All eyes were on Pearl Harbor - The San Diego Union-Tribune
Seventy-four years ago, the question on the mind of everyone in San Diego was, Could it happen here?
Dec. 7 marks the anniversary of Japans surprise attack on Pearl Harbor. The U.S. naval base near Honolulu was bombed for almost two hours, killing more than 2,000 Americans and wounding 1,000 more. Eight battleships and more than 200 aircraft were damaged or destroyed.
Congress declared war on Japan the next day and, within a week, Japans allies, Germany and Italy, declared war on the United States. World War II, which had raged for more than two years in the pages of Americas newspapers, had come to its shores.
There was no doubt that San Diego was a prime military target. A principal staging port for troop, supply and naval convoys in the Pacific, the city was also home to Consolidated Aircraft, where B-24 bombers, PBY reconnaissance planes and aircraft parts critical to the war effort were manufactured.
Blackouts went into effect immediately, and soon camouflage netting covered airports, military bases and the Pacific Coast Highway. Residents kept buckets of sand in their homes to smother fires in case of enemy bombing.
On the Point Loma peninsula, the soldiers at Fort Rosecrans were put on 24-hour alert. Bayonets, gas masks and ammunition were issued. The men of the 19th Coast Artillery set up machine guns from the World War I era, the only anti-aircraft weapons they had available.
Japan was known to have two massive battleships, each carrying nine 18.1-inch guns with a range of 28 miles, and no weapon in the Fort Rosecrans arsenal could challenge them. The U.S. Army rushed plans for two guns, 68 feet long, that could fire a projectile 16 inches in diameter at a target up to 26 miles away.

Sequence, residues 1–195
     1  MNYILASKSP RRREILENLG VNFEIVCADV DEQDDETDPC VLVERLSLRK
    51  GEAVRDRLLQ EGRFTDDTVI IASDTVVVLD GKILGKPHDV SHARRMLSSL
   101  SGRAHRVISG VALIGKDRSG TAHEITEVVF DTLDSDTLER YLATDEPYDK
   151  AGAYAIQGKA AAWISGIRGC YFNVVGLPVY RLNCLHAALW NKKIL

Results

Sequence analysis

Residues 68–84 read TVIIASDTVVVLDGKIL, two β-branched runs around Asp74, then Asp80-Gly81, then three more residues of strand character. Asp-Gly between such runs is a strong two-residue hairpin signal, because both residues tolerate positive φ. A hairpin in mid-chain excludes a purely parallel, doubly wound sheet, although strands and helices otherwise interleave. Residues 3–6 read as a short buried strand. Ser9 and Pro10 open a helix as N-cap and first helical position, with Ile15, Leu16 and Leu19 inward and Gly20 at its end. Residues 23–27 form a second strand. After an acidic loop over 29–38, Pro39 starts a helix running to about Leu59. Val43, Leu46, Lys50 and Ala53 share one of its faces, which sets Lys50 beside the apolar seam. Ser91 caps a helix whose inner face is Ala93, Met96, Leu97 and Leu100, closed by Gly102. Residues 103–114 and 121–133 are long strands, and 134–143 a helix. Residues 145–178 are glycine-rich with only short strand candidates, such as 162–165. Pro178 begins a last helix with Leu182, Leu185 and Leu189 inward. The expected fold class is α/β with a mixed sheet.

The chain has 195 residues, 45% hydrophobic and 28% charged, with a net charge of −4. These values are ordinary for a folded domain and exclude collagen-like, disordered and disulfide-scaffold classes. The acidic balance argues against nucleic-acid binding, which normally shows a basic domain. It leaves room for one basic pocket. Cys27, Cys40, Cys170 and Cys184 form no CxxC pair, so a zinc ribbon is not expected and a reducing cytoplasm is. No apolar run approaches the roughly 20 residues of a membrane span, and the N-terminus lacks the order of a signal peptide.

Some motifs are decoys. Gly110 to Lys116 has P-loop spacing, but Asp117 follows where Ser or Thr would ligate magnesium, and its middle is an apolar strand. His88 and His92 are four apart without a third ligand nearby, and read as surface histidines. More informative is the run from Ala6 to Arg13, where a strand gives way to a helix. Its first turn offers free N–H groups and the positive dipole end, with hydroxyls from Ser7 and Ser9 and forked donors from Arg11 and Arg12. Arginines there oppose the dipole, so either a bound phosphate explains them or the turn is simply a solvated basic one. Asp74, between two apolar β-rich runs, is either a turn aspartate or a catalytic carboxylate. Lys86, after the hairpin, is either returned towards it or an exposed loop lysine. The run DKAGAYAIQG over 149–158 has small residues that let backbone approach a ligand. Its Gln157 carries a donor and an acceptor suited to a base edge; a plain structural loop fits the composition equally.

Construction for the weapon known as Battery Ashburn included a giant casement of reinforced concrete, covered by tons of earth, to protect it from a direct hit by enemy battleships or aircraft. When the 46-ton guns were transported to Point Loma, the solid rubber tires of the tractor-trailers carved three-inch ruts into the asphalt roadway.
Battery Ashburn was completed in 1944, as was Battery Humphreys, two 6-inch guns with a range of 15 miles. They joined Battery Strong and Battery Point Loma (installed in 1941), Battery Whistler (1918), Battery McGrath (1900), and Battery Calef/Wilkeson (1898) in the arsenal of coastal defenses.
Its a useful reminder that the war on terror is not our first rodeo.
The southern end of Point Loma was first made a U.S. military reserve in 1852, three years after the discovery of gold in California. It would have been sooner, but the commission sent to plan the Pacific Coast defenses was delayed after many of the enlisted men deserted to the gold mines.
Today the batteries of Fort Rosecrans are part of the Cabrillo National Monument, site of the Old Point Loma Lighthouse, where World War II signal crews used lights and Morse code to contact ships coming toward San Diego harbor. If the ships responded with the correct code, submarine nets at the harbor entrance were lowered to allow them to proceed. We always screen visitors during wartime.
Point Loma, for all its tourists and whale-watching and coin-op binoculars pointed at spectacular views, is a somber place. On the hill high above the Pacific, 50,000 veterans are buried in the Fort Rosecrans National Cemetery, their white headstones facing the ocean or the bay, silently watching.
Dec. 7 reminds us that danger can be closer than we think. And that the U.S. defense budget is high for a reason.
Shelley is a writer, speaker and columnist in Los Angeles. Reach her at [email protected] or follow her on Twitter @Susan_Shelley.